Monday, June 20, 2022

Home from Maine 2022 Day 14 - Pomeroy to Delta, PA

 It was a short day today, but very, very hilly. We are at the Peach Bottom Inn, which is an old, no-frills motel attached to a really nice restaurant.

There is nowhere else to stay for 30 miles in any direction, and from here it is 50 miles to home. This place is pretty much a required stop, and fortunately it is awesome.

The big part of the challenge for today is we crossed the Susquehanna River.

That means a ginormous climb out of the river valley. And then you have to cross a creek that brings you right back down to the level of the river and you get to climb out again.

We stopped to take this cool photo in the middle of the bridge because Max wrecked and dropped his bike. I braked for an expansion joint, and then hard for a couple potholes and Max ran into me. He's fine, just some road rash, but he was a bit shaken up and we took a break for awhile. This happens every bike tour. It's like despair. His bike is OK also.

 It's a bunch of ups and downs until you get to the river too. If only there were a rail trail from a railroad right of way that was purposely designed to have low grades.

On top of that bridge is the "Enola Low Grade Trail". Unfortunately, the trail surface is unimproved railroad ballast. It's not rideable on road bikes. So instead, it was endless ups and downs on the roads parallel to the perfectly level rail trail. 

The scenery here is fantastic, though. It's Amish country. There are lots of farms and vegetable gardens that are nicer than mine will ever be.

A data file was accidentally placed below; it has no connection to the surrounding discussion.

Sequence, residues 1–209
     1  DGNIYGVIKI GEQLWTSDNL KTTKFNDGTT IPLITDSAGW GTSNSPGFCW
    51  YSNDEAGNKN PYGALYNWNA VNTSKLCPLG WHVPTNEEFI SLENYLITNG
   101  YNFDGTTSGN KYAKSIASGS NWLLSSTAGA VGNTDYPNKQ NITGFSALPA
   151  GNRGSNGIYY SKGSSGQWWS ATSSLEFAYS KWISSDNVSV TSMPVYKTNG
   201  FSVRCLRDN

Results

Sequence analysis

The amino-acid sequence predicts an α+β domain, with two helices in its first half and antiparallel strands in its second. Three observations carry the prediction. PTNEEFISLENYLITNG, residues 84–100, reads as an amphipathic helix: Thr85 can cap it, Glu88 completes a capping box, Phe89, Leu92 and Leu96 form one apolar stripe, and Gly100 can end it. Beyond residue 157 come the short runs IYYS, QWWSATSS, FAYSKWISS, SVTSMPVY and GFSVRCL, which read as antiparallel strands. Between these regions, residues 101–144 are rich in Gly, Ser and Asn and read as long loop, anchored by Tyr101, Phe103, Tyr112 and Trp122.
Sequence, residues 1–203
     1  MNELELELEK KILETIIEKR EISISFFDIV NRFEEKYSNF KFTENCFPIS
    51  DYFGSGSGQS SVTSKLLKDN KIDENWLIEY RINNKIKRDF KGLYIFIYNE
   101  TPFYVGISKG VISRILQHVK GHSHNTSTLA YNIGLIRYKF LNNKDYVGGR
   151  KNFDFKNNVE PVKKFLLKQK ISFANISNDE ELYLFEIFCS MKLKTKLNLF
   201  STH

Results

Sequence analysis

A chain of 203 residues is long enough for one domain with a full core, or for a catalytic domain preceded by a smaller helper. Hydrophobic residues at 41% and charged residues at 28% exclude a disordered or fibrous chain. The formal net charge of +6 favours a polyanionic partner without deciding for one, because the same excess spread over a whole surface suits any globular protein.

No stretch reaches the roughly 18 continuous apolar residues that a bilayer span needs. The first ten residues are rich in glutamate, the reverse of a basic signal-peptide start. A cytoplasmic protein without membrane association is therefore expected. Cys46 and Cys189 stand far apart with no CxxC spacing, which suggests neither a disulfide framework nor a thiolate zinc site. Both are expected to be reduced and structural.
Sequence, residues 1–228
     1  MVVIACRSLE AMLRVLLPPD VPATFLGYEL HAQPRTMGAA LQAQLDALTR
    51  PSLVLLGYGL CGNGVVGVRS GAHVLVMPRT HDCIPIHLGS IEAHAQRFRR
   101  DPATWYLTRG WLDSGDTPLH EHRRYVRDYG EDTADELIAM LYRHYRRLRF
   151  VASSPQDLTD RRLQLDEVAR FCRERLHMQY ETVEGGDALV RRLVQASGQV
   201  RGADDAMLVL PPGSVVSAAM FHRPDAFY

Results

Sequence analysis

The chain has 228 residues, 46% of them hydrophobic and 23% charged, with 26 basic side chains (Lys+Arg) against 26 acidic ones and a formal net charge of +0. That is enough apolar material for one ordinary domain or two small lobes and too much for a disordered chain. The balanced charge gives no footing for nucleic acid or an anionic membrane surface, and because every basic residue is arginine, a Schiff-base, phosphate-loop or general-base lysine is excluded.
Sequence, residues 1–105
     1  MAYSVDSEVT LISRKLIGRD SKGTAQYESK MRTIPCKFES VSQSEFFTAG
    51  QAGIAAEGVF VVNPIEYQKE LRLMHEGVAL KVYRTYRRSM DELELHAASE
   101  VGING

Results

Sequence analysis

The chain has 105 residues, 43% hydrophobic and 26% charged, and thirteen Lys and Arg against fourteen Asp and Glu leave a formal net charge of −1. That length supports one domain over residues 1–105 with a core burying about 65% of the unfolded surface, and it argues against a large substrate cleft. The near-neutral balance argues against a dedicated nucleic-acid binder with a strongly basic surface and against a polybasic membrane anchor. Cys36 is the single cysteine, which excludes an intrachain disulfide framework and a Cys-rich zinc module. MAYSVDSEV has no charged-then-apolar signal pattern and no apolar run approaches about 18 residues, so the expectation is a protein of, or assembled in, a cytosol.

And baby calves by the side of the road in their little sheds. Awwww. They are so cute!

There were lots of Amish people out baling hay.

This is a really cool scene, and also totally irrational. What we have here is a team of draft horses pulling a hay baler. The hay baler has a gasoline motor running it. If you are allowed to have an engine running the baler, why not just get a tractor? This makes no sense. The team of draft horses is pretty cool though. Maybe it's all about having an excuse to have a team of draft horses.

Then there was another Amish highlight for today. In Maryland, there are lots of places that sell "Amish" mini-barns and chicken coops. "Amish" creates this vision of the hard-working, Godly Amish farmer out in the wood shop next to his barn, assembling chicken coops using hand tools and traditional joinery techniques. I bought such a chicken coop, which has no signs of traditional joinery or the use of hand tools. 

Guess what we rode by today!

The Amish chicken coop factory! That dark green coop to the right of the tree is identical to mine. I feel so validated on my cynicism regarding Amish chicken coops.

Here is the Strava track.

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